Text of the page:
As mentioned in part one, each service is designed with Clean Architecture principles. Clean Architecture is a smart way of structuring an application, and thrives on some of the principles of good Object Oriented Principles such as SOLID and DRY. But also some design principles as Domain-Driven Design.
Domain-Driven Design is first introduced by Eric Evans in his book “Domain-Driven design”. Domain-Driven design places the domain rather than the data such as models in the center of an application. The domain means you need to have a great understanding of what kind of problem the software is going to solve. Imagine making a banking system, without knowing what banking really is? To create a system in this way the final product will often not meet the criteria/requirements of the company itself.
However, Clean Architecture is embracing this idea of putting the domain in the center, and uses a strict codex for how dependencies should be in your program.
Here is the black arrows the dependencies meaning that the must vulnerable layers, the domain/application is in the middle, and the more non-vulnerable layers are the most outer layers. By vulnerable layers I mean the most often to change.
The application structure
The application structure is fairly organized and therefore easy to setup.
Here you can see my solution structure, which gives a clear hint of the dependencies in th program.
The API gateway has no dependencies what so ever to any of the services. The API gateway functions as a kind of proxy redirecting requests to the specific service.
The CrossCuttingConcerns project is a project consisting of different options / setup functions for services. This is so I don’t have to keep repeating the same code over and over again, essentially following the DRY principle (Don’t Repeat Yourself) making my code less prone to bugs.
If we look at RequestService structure we will see clear indicators of Clean Architecture.
As we can see, we have 5 different projects essentially mirroring the naming from Clean Architecture. Let’s try open the projects.
As we see on the picture above, I split up the infrastructure layer into two separated projects. One dealing with the more generalized Infrastructure such as NotificationService (which can be used with a messagebroker) and a Persistence project using a Code-first Entity Framework Core approach.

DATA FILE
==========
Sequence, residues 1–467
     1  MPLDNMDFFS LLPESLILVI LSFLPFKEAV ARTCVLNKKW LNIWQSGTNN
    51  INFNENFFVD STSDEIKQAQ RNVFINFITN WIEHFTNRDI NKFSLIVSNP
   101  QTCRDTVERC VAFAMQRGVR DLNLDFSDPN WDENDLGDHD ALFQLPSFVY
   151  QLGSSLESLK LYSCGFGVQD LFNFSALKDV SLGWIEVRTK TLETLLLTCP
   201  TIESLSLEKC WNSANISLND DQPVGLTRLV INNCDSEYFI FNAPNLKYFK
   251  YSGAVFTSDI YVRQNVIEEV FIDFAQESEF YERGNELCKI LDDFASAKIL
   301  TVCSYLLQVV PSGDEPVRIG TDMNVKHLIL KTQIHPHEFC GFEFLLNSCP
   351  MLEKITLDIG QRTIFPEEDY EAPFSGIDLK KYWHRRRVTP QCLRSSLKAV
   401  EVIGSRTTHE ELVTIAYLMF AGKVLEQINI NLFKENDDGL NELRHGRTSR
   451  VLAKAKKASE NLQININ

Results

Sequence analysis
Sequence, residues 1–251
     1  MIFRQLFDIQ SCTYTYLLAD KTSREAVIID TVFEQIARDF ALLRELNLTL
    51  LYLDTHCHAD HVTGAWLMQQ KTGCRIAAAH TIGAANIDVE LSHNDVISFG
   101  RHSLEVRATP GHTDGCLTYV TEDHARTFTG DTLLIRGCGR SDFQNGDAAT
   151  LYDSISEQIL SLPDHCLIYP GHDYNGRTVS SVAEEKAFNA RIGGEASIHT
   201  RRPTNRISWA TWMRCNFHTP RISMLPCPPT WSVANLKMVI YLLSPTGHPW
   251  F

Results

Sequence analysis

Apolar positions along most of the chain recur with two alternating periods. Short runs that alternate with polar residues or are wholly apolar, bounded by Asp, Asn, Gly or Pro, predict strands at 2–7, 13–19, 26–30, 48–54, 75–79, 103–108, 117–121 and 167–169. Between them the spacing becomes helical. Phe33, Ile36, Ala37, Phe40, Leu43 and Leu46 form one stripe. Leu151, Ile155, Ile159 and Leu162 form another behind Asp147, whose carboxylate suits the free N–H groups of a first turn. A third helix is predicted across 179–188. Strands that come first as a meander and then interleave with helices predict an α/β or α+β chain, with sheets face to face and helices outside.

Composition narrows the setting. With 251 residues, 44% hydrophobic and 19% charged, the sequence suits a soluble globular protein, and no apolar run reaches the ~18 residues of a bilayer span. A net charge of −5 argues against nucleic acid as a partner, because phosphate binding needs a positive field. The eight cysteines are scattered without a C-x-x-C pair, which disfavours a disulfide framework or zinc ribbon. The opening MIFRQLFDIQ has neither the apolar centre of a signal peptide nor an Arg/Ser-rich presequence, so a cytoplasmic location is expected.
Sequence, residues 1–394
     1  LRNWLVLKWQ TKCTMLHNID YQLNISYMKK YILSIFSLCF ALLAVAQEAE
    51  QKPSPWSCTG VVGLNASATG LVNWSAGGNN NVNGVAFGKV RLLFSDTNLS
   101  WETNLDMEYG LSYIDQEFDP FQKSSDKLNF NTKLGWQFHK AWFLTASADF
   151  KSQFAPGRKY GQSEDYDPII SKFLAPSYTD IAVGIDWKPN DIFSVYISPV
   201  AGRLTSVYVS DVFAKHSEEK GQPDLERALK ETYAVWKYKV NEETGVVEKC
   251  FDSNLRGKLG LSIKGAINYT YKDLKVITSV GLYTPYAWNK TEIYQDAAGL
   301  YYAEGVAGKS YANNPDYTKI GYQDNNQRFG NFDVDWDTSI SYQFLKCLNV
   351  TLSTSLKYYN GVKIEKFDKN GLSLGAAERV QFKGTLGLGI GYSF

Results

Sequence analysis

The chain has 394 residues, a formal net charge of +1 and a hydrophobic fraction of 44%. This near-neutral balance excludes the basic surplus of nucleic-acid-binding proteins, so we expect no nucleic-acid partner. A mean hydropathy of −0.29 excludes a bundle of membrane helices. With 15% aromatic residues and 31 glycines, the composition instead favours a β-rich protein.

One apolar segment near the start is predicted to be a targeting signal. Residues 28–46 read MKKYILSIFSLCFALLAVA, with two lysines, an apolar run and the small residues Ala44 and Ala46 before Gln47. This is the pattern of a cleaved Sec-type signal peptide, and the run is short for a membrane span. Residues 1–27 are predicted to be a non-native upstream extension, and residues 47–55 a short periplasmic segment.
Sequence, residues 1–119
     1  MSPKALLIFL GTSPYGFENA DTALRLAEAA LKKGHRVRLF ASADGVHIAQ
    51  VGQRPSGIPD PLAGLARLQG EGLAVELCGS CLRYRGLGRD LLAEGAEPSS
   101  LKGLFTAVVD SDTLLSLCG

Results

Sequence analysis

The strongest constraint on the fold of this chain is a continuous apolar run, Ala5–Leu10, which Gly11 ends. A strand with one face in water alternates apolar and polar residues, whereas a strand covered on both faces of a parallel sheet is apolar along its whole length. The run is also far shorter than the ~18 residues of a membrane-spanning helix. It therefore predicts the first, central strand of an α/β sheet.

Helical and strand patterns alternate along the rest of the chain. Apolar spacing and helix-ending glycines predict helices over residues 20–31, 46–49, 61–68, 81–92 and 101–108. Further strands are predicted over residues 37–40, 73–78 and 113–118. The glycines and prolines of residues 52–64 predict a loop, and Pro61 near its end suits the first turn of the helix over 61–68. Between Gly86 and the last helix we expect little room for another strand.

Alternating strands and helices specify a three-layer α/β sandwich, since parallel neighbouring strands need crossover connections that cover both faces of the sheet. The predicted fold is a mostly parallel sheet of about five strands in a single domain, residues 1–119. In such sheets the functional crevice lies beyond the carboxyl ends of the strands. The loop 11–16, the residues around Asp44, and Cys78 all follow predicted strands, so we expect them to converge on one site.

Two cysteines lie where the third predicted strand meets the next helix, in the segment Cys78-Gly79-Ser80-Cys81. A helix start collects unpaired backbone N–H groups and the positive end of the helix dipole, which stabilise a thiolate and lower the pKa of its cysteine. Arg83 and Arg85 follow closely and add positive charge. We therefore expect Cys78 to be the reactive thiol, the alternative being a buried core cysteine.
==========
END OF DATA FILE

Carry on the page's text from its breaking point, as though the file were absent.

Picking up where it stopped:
A SharedKernel/SeedWork is essential a concept from DDD. Reusable code which may not be changed without consulting DevOps or a another team working on the same project. This could be moved to CrossCuttingConcerns, however I haven’t got around to do it.
The domain layer
The domain layer consists of our domain models, entities, the data which is saved in the database and mapped to DTO’s to be presented. I tried to implement interfaces, and using the repository pattern. However, the Entity Framework Core already is a repository pattern, and there another abstraction would just leave me more confused and would be unnecessary code. Therefore I went with no repository using Entity Framework Cores DbSets instead.
The application layer / use case layer.
This is where the core business logic is handled. I chose the CQRS pattern essentially splitting my application into two different flows/models (Commands and queries). Commands changes the state of the program - writes to the program. Queries reads from a database, and presents it. So essentially the flow would be like this:
In an ideal world, the Query would read from a cache to make small less stress on the database. Commands will then report to the cache to change state, whenever a command is successfully executed.
The validation is made with use of the library FluentValidation which gives the possibility to make use of ValidationFailure exception. An easy way of making custom validation errors and returning BadRequest status code if a command/query is not validated. The whole handler pattern is made with Mediator pattern by using the Mediatr library.
The smart thing about an easy structure like this, is that it is easy for new developers to figure out how to implement new functionality to the application. However it can easy be over engineering, if the domain is not complex enough. I made this as a proof of concept, since this could easy be made using a normal CRUD model.
The infrastructure layer is fairly simple. I used FluentAPI to configure my entities, rather than Data annotations, since I didn’t want to have that logic in my domain layer (remember to keep dependencies in the domain layer at a minimum to none). The application layer needed to know about the different DbSets to execute handler logic. To do this, I made an interface in the application layer essentially mirroring the DbContext and implemented this in the persistence layer. Because of this, I inverted the dependency, essentially achieving the right dependencies.
In the next part we will see how I made the two services communicate together via. RestEase HTTP Clients.